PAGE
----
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NCJRS Abstract

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NCJ Number: 135698 Find in a Library
Title: Legal Education and Judicial System in the Republic of Korea (From Report for 1989 and Resource Material Series No. 37, P 165-179, 1990 -- See NCJ-135691)
Author(s): J-I Yoo
Date Published: 1990
Page Count: 15
Sponsoring Agency: National Institute of Justice/
Rockville, MD 20849
NCJRS Photocopy Services
Rockville, MD 20849-6000
United Nations Asia and Far East Institute for the Prevention of Crime and Treatment of Offenders
Tokyo, Japan
Sale Source: National Institute of Justice/
NCJRS paper reproduction
Box 6000, Dept F
Rockville, MD 20849
United States of America

United Nations Asia and Far East Institute for the Prevention of Crime and Treatment of Offenders
26-1 Harumi-Cho, Fuchu
Tokyo,
Japan

NCJRS Photocopy Services
Box 6000
Rockville, MD 20849-6000
United States of America
Document: PDF
Type: Survey (Cross-Cultural)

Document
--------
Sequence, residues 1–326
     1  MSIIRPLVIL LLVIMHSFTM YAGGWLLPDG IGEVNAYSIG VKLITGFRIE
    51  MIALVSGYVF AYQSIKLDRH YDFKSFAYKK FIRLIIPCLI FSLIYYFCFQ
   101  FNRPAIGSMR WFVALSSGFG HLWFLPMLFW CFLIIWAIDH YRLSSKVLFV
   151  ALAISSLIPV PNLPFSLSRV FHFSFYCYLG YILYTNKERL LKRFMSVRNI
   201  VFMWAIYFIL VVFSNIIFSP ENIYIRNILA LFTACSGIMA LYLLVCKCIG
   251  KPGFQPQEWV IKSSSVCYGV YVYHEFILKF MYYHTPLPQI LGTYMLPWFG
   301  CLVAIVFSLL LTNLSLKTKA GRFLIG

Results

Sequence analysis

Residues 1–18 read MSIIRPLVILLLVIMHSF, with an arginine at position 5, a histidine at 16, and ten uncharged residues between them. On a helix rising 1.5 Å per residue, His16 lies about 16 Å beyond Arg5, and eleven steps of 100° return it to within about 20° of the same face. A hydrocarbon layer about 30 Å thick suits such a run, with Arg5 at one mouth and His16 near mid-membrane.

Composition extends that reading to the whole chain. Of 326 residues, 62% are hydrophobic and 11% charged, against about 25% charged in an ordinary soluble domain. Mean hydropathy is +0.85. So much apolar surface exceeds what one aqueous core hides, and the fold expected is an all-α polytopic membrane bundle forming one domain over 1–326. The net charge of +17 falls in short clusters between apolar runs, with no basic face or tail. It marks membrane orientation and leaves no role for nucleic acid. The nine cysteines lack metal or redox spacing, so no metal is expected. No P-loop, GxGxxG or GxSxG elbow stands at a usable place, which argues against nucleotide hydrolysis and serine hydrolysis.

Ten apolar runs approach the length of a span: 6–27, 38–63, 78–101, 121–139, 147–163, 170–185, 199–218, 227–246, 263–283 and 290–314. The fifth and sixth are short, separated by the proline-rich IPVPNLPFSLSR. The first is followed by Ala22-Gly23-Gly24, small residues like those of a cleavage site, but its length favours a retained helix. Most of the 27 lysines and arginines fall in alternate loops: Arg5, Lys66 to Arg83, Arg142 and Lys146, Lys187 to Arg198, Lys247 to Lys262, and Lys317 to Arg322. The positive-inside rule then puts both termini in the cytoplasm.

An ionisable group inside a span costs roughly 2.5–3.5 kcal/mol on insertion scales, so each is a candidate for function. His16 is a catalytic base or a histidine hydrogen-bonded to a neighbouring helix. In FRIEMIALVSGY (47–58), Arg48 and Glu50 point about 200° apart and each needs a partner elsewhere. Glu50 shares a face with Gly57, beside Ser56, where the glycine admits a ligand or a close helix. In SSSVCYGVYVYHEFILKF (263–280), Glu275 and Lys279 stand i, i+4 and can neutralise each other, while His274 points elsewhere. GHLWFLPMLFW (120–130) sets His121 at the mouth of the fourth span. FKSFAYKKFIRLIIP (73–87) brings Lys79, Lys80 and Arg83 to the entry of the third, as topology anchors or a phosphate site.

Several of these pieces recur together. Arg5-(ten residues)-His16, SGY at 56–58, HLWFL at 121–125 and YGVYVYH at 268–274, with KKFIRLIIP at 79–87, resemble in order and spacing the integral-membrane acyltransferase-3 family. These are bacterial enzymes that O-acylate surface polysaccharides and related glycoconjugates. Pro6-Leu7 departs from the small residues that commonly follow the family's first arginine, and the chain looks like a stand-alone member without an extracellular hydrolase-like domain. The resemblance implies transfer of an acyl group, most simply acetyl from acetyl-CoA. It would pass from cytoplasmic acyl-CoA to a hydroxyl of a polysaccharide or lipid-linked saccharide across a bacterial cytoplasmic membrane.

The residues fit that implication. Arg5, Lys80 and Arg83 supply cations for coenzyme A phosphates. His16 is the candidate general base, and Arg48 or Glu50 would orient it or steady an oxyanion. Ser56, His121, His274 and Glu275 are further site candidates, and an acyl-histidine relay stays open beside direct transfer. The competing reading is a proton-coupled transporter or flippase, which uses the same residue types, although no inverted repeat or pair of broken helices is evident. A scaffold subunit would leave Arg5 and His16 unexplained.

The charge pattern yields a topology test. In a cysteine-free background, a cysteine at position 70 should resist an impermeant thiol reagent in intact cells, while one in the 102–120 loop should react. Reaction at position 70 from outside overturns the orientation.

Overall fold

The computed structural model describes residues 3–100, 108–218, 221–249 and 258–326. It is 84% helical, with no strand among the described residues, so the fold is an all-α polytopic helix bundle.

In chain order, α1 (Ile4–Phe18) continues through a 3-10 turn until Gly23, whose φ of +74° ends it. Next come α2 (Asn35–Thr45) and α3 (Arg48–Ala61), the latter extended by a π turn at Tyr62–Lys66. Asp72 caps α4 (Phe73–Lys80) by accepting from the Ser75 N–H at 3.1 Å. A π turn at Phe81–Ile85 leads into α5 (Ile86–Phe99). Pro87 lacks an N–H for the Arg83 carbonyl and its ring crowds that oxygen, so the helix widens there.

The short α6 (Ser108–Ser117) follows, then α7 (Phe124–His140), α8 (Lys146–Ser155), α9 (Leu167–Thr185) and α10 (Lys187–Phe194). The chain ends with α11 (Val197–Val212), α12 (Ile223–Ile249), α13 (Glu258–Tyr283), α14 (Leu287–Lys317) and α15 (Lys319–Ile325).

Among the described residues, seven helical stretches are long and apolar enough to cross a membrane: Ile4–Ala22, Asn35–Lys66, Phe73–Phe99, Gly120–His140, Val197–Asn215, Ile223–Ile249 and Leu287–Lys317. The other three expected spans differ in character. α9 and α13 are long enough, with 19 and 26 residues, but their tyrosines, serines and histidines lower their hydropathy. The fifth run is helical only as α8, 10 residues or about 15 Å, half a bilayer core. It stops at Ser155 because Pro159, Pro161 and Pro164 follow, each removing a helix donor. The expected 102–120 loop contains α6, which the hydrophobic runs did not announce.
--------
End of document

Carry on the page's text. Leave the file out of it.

Language: English
Country: Japan
Annotation: Korea's legal system has a structure that is based on the heritage of the Japanese colonial rule, but the basic legal system has been modified to reflect the Korean traditional culture and the influences of a variety of Western legal concepts of justice and the sharing and distribution of power.
Abstract: Like many other countries, Korea has made law school an undergraduate institution. Most universities and colleges also have graduate law programs. Admission to the bar requires completion of the 2-year course offered by the government-run Judicial Research and Training Center, following passage of the bar exam. The judiciary system rests on the principle of judicial independence and includes three levels of courts. Judges must be prosecutors or attorneys or have completed 2 years of training at the Judicial Research and Training Institute after passing the national judicial examination. Judicial tenure is 10 years, and consecutive terms are possible. They must retire at specified ages. The prosecutor's office is part of the executive component of government. Public prosecutors have the sole but discretionary power to decide whether or not a suspect should be prosecuted.
Main Term(s): Foreign criminal justice systems
Index Term(s): Foreign courts; Judges; Korea (South); Prosecutors
To cite this abstract, use the following link:
http://www.ncjrs.gov/App/publications/abstract.aspx?ID=135698

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